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tahinist

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About tahinist

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  1. @hj2012: Thank you for recommending those programs - I am going to look into them and see how their faculty's research aligns with my interests. Hopefully there is a match. As for my writing sample - you are right, 10-15 pages is within the range for most MA programs I am looking at, but unfortunately I do not have any other papers of higher relevance that I could revise for this purpose (I have scoured my hard-drive for more relevant material, to no avail.) I think my best bet is to revise the aforementioned essay as I do not think it is realistic for me to write one from scratch at this point, considering all of the other outstanding application items I have yet to get to once this skatepark project ends (Oct 20). Hopefully I can convey my Arabic skills and familiarity with the region through my resume and SOP - I would hope that the seven years that I lived in the region would speak for themselves, not to mention my participation in an Arabic debate tournament. @hats: I am truly affected by your encouragement, I am all the more convinced of this pursuit and its attainability thanks to your response. I agree that I need to give my research interests more thought - I am not quite there yet but I believe that it will only have to do with the Ottoman Empire peripherally where it concerns the Arab/Muslim world's negotiation of liberal and conservative ideologies in the 19th and 20th century with a focus on the Levant (does that sound better?) My goal of learning modern Turkish is more out of personal interest, but I am sure it will prove useful to my studies nonetheless. I have no communication skills in Turkish at the moment, and to your suggestion that I register in Turkish language courses, I plan to do something like that after I have submitted my applications and relocated to Istanbul. I totally see how a well-defined research interest can really tighten up my application and dispel any liability in my unconventional background - thanks for that advice. I will be certain to compare the questions I come up with with those already posed by former/current MES students. Do you have any thoughts on how a moderately off-topic writing sample will be viewed considering my background? Does the same principle (re: research interest) apply, where the critical approach and style matter more than the topic itself? I appreciate your thoughtful responses. Forgive me for the delayed response as I haven't had much laptop access during the construction phase of this project!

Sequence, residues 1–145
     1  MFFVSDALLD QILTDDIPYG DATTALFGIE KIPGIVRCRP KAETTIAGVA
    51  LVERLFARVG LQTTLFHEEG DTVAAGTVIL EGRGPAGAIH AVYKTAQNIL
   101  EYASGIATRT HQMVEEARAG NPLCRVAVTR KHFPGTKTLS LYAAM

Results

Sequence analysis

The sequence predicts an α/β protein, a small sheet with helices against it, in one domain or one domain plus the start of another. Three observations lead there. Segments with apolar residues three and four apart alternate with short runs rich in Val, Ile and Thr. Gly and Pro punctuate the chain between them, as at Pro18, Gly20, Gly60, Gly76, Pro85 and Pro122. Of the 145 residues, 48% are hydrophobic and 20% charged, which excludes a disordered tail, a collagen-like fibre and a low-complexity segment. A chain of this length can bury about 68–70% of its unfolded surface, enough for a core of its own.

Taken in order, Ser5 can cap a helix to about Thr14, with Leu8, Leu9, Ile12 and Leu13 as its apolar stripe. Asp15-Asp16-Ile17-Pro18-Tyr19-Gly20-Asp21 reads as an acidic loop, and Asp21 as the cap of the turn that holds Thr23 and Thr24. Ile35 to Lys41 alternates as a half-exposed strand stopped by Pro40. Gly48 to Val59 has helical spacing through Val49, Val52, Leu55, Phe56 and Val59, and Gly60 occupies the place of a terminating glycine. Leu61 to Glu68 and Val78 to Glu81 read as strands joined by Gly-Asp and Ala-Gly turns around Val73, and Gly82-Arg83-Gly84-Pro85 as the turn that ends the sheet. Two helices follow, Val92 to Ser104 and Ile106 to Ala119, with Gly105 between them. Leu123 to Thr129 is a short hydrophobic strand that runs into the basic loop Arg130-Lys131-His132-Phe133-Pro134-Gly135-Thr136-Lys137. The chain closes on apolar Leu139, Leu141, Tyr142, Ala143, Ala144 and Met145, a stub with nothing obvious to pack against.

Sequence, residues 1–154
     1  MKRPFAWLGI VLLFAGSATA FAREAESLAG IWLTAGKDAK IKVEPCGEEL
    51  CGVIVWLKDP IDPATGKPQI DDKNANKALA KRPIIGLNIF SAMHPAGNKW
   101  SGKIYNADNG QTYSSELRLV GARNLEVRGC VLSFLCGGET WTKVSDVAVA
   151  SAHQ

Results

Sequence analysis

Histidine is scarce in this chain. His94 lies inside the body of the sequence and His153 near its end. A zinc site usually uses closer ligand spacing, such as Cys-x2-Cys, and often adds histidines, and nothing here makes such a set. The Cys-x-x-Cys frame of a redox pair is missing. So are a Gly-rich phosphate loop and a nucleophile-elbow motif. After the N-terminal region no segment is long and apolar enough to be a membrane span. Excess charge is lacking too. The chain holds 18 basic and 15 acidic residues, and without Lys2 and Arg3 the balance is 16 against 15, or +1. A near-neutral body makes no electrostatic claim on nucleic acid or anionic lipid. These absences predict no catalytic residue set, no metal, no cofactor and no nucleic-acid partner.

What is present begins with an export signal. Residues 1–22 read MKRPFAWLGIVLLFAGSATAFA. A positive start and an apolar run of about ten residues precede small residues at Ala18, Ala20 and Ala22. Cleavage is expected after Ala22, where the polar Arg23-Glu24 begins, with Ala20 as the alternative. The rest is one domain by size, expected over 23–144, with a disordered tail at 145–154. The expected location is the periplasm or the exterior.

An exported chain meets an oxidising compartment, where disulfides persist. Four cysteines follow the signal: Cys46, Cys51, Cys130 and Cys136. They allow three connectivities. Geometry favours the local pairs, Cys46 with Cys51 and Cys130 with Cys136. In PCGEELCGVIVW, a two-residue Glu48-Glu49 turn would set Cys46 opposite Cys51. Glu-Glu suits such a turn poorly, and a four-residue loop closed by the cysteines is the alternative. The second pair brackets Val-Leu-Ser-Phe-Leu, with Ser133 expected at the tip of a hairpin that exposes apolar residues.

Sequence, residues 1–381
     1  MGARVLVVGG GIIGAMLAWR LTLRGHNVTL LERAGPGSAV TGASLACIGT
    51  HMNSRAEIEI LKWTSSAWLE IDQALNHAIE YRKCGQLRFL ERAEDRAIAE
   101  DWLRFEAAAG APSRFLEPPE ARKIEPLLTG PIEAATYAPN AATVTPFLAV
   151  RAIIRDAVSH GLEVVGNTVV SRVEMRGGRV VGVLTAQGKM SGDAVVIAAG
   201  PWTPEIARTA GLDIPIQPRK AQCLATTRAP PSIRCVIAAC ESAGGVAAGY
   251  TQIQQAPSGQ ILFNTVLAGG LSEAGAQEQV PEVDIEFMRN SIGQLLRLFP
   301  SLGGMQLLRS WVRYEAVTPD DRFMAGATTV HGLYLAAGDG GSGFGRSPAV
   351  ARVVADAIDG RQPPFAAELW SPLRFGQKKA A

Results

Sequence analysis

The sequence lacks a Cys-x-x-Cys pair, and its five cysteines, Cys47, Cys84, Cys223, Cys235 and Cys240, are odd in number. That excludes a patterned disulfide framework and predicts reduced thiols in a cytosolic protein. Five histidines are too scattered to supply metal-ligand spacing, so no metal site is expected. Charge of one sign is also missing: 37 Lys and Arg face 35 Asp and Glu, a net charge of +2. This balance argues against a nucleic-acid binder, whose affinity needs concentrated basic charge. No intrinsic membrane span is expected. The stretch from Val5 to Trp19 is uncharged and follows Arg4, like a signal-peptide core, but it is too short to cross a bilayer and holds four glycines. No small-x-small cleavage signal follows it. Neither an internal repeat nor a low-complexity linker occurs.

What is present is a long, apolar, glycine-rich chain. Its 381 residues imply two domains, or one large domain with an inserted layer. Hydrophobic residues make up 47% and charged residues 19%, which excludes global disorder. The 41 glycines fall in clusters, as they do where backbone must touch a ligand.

2. Greetings, Long-time lurker, first-time poster. I figured it might be worthwhile to get a reality check from some of my peers on here, as you all would know better than many of the real-world people I know about the MES world and what their admissions processes look like. I could really use some perspective and context about this matter, so some feedback would be greatly appreciated. I am in an unconventional situation where: a) I am adamant about transitioning into academia/the humanities to study the Middle East with a focus on the intellectual history of the Levant and Ottoman Empire. b ) I have a B.Sc. in Business Administration from a top 50 public school in New England, where I double concentrated in Finance and Production Operations Management, and double minored in Statistics and English (GPA 3.20). c) my work experience in the four years since graduation has been at a tech start-up that has no relation to my academic interests. d) I do not have a thesis or any worthy research papers to provide as writing samples, (although I do have some critical analyses from somewhat pertinent (i.e. post-colonial studies) classes that I could tidy up and submit instead). On the other hand, these are the merits and motivations that compel me to pursue education in MES: 1) I quit my job a few months ago to focus on making this transition and explore my academic interests. That has involved me traveling throughout Turkey and the Arab world, as well as studying a lot of pertinent academic and literary texts on my own (Said, Massad, Ahmed, Soueif, Saleh, Hafiz, Darwish, etc). 2) I speak (and write/read, to a lesser extent) Arabic fluently, having lived in Jordan during my high school years (although US born, I am of Palestinian origin). I am currently in Palestine volunteering on a construction project, but my intention in the next few months is to relocate to Turkey (after finishing up with grad school apps) to learn and experience the Turkish language/society. 3) The more I study, the more interested I become in understanding the world through the intellectual lens of the Arab world, as reflected and informed by its cultural artifacts, society, and intellectual history. 4) I have long been interested in (and intermittently engaged) in the politics and affairs of the Arab world (ex: I founded and led a Students for Justice in Palestine coalition on my campus, attended the international Arabic debate tournament in Qatar on behalf of my university.) 5) I am privileged in the exposure and access I have been afforded in the Middle East over my lifetime: I have spent extended periods of time getting to know many villages/communities throughout Palestine, I know Amman and its society extremely well, and I have lived in two different emirates in the UAE. I have read literature from all over the Middle East. 6) I am in a fortunate situation where I do not need to go into debt to pay off a terminal MA 7) I have somewhat compensatory LORs in that they come from my more academic literature/humanities professors, and not from my quantitative/Business professors So, considering all of the above, what I need help figuring out is: 1. Considering my irrelevant academic and professional background, not to mention relatively low GPA, do I even stand a chance at getting into a reputable program in the US? From my research it appears that most academic (as opposed to security/intelligence)-focused programs are housed at the nation's most elite institutions, and thus I am looking to apply to the following programs (Columbia MESAAS, Harvard CMES, NYU, Princeton, UChicago) - Am I missing any programs, particularly ones with easier admissions? Are British universities (SOAS, Oxbridge, King's) more merciful in that regard? 2. Is there anything in particular about my profile that I should emphasize in my SOP - anything I already have that grad school admins love to see? - The way I see it, I am lacking in GPA (taking the GRE next month) and academic background (save for my English minor), but I do have the language skills and the regional experience in addition to a strong personal interest in the academics of it all (enough to be making a deliberate career pivot, as I am). After all, this is a passion-driven endeavor I am undertaking. Are any of these points particularly valuable? 3. Is a college essay entitled "The conflict of Afro-Islamic Spirituality and Western Modernity as depicted in “Ambiguous Adventure” going to cut it as a writing sample? Considering I do not have a mentor/professor to advise on the process, would it still be better if I wrote something more pertinent/up-to-date from scratch? - Frankly, I just do not have many papers from my undergraduate that are in excess of 10-15 pages, let alone ones that are of material relevance to the programs I am applying to. My hope was to edit this paper thoroughly and use it in lieu of a research paper or thesis. 4. Can my unconventional background as a Business major and tech industry member be regarded as a positive? If not, are there any obvious ways in which I could spin it as such? - I worry that I was incorrect in my early assumption that my background is not a serious hinderance to my prospects, and that it might in fact help me stand out as a truly interested/invested candidate. Is that baseless? Looking at this forum and the MES/poli sci undergrads wielding 3.8+ GPAs, three languages, and highly relevant experience... I begin to doubt the value of my earnestness to these grad admission boards. Thank you, thank you, thank you for reading all of this. I look forward to getting some guidance from any fellow hopefuls or admittees - any context/perspective will help me evaluate how to best allocate and apply my efforts. Your responses are greatly appreciated!